article by Aaron Buggle
A successful start to your winter training starts before you finish your current season. Experience from over 10 long and arduous winters has taught me the importance of forward planning, setting goals and organizing my winter before it even begins.
Not doing this and beginning your winter without a plan, is the start of what’s been dubbed as ‘ the headless chicken phenomenon’.
In other words riding around aimlessly and leaving a whole heap of adaptations on the table in the process. There is a process of planning and organization that makes your winter far more beneficial in terms of cost benefit.
You see when you make solid plans you’ve given a rider something to aim for; something to challenge his skills against; something to measure his progress with, and something that gives purpose to his investment of effort, time and money.
All this by making a simple plan.
You need to have your winter break scheduled; yes you need those dates nailed down in my opinion.
Too bad if you’re reading this too late!
I always take two weeks (personal preference) in October that is followed by some cross training for another 2 weeks and normal practice resumes on November 1st.
A mistake a lot riders make is that they start organizing everything after their couple of weeks rest and then it turns into a month or more of faffing about trying to get started when in fact, you’re ready to get going.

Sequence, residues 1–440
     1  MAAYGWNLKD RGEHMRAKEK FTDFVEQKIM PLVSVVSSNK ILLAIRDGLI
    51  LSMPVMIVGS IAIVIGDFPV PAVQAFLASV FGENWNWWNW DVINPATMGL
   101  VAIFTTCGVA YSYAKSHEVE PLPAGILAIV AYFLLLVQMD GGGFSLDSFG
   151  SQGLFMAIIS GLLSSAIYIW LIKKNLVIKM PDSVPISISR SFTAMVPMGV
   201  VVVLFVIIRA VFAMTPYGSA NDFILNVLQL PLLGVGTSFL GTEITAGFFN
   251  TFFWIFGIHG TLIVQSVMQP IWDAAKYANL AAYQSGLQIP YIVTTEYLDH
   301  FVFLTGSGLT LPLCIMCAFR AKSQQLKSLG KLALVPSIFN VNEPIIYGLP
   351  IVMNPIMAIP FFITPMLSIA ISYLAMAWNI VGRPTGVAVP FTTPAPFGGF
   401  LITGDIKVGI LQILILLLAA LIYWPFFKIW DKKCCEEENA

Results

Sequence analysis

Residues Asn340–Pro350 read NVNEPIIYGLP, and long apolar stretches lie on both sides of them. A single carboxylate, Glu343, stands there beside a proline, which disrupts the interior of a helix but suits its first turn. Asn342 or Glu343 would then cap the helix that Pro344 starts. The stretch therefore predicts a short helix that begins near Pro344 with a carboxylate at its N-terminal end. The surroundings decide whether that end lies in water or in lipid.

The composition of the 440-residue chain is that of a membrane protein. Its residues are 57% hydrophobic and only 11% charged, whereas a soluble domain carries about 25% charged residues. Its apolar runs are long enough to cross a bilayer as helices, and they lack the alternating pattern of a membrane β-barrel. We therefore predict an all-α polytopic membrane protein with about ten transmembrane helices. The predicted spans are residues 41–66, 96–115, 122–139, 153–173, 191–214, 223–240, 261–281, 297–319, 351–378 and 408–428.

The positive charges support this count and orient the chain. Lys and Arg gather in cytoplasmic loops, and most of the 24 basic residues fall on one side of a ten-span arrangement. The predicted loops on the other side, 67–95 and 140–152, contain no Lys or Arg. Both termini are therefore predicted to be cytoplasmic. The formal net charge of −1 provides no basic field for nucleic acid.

Your time off the bike should be physical and psychological down time –at least it shouldn’t have any cycling related stressors. This period off the bike will differ greatly depending on the rider and the season they’ve endured.
But the thing is there’s quite a bit to consider when you kick off your winter training.
Pretty quickly this stuff can get on top of you and it’s easy to get a bit stressed out, that’s why I suggest starting before you take your winter break.
I’ve my winter bike booked into the shop for its service, I’ll book a performance test for the first month back riding so I have my baseline. There’s also nutrition and strength and conditioning to consider – perhaps they’re the stone unturned for you and you want to try implementing them this year.
Well, the start of the winter is the time to do it.
That’s all before you even start making new goals for next year and most importantly before you start periodising and planning the training you’ll need to do to take you there.
If you get as much of this stuff organized as you can before your break, believe me, you’ll be more relaxed, and as a result your transition back into training will be all the more smoother.
It also means your time off the bike is a proper physical and psychological rest – the whole idea of the winter break in the first place.
The answers to these questions are crucial to answer before you even clip in and start your winter training.
Most riders don’t reap the rewards of a good winter because they don’t know what it is they are trying to improve – this needs to be clearly set out every time you go out on a winter ride.
The dividing up of these periods is referred to as ‘periodisation’.